The death of 19 graduates during the Nigerian Immigration Service recruitment exercise last Saturday raises doubts about the relevance of entrepreneurship education in the country, CHARLES ABAH and SODIQ OYELEKE write
The authorities of the Obafemi Awolowo University, Ile-Ife, Osun State, call the courses that prepare students for entrepreneurial skills SEO 003 and SEO 004 respectively. A special unit named the Centre for Industrial Research and Development facilitates the teaching of these courses in the university.
Essentially, the motive behind the introduction of the courses in the institution some years ago is to equip the beneficiaries with skills that will enable them to survive the vicissitudes of the labour market after graduation.
Indeed, the mission statement of the CIRD is “To build a private sector-driven, self-reliant economy and an economically empowered citizenry.”
At the Federal University of Technology, Akure, Ondo State, the authorities have inaugurated two entrepreneurial courses to equip students with additional skills for the job market.
The situation is not different at the University of Lagos, where the authorities had also inaugurated a compulsory course called Entrepreneurial and Corporate Governance, which is mandatory for third year students.
Away from the universities, the need to prepare students for life after schooling in order to check the increasing rate of unemployment resulted in the introduction of such programmes in the polytechnics.
From the Abdu-Gusau Polytechnic in Zamfara State, to the Institute of Management and Technology, Enugu; Yaba College of Technology, and the Polytechnic Ibadan in Oyo State and many more, some courses are taught to specifically equip students with the necessary skills that will help them in life.
Though these courses have different names in the various institutions, the undercurrent remains the same: to equip the beneficiaries with lifelong learning process to acquire entrepreneurial behaviours, vocational skills and attributes.
But what has been the impact of this initiative in the nation’s educational system, considering the incident of last Saturday where no fewer than 19 young graduates lost their lives while prospecting for job?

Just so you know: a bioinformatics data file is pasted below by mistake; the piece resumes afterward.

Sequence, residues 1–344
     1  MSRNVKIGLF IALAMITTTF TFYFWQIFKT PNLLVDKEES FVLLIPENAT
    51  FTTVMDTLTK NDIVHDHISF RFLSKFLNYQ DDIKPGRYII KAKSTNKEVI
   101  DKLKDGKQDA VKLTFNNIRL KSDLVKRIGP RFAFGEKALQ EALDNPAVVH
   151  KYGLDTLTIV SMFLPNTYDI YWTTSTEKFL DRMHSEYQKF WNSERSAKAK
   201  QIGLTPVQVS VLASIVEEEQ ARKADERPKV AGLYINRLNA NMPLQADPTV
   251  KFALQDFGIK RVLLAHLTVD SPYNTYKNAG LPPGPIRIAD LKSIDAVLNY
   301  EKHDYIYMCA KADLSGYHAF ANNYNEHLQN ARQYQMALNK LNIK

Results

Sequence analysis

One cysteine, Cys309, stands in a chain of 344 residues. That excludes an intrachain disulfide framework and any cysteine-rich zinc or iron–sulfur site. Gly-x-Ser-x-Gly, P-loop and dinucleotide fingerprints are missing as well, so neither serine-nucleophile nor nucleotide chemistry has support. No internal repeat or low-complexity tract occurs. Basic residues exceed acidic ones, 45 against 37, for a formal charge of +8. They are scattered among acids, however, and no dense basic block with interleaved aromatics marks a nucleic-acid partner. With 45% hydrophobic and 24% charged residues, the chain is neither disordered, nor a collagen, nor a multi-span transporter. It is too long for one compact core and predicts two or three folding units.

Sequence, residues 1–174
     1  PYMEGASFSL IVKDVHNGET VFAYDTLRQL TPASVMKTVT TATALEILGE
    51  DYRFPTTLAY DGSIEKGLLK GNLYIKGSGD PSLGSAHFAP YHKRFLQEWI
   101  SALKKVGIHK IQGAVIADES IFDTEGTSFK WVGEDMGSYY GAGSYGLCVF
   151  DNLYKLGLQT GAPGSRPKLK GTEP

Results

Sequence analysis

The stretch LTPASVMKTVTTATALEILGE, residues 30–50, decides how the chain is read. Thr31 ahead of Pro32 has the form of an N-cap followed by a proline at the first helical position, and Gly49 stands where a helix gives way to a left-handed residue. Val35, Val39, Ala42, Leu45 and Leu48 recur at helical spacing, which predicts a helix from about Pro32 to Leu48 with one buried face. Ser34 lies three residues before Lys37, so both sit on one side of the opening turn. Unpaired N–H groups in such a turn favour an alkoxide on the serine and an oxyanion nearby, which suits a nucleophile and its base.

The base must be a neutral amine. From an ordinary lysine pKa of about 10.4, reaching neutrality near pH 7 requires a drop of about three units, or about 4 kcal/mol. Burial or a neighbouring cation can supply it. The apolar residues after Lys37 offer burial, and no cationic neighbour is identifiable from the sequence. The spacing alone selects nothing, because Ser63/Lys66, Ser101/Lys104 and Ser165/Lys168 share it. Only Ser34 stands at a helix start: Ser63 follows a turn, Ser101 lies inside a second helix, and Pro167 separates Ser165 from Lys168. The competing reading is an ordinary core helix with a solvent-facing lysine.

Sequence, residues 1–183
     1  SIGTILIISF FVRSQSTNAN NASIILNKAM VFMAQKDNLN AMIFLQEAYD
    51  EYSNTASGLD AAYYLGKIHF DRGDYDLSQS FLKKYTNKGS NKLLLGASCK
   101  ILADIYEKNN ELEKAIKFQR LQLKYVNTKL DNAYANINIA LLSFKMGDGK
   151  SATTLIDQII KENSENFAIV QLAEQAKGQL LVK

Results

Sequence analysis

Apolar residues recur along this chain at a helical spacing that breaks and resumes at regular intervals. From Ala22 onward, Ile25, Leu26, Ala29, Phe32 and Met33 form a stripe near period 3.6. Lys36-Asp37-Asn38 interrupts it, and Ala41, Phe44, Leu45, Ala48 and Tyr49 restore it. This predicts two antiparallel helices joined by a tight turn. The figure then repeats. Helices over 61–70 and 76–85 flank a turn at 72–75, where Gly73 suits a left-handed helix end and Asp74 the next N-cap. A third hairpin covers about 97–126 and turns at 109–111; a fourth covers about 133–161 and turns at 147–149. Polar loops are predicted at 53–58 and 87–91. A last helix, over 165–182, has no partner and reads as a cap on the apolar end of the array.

The deceased were among the hundreds of unemployed youths who thronged the various stadia across the country to participate in a recruitment exercise conducted by the Nigeria Immigration Service.
Indeed, following the incident, which many have described as unfortunate, issues bordering on the quality and scope of the education taught in the nation’s schools from primary to the university level have come to the fore.
While some argue that the schools are not doing enough to prepare students for life’s challenges after graduation, others think otherwise. For instance, a management consultant, Mr. Richard Maduegbuam, notes that the tutorials that students get from these institutions do not equip them well to think along the line of self-employment.
He notes, “Are you surprised that this large number of youths turned out for the Immigration recruitment exercise? The outing on Saturday is just a tip of the iceberg, considering the happenings in the labour market. Many more graduates are at home, not knowing what to do. They are frustrated and cannot think of how to survive on their own.
“I tell you that the school system that we operate is one that is certificate-driven. It does not prepare the recipients for self-employment and this explains why Nigerian graduates are always looking for white-collar jobs.”
However, according to a university teacher, Ademola Onifade, the problems confronting the youth, particularly in the area of unemployment, has nothing to do with the quality of education they have received.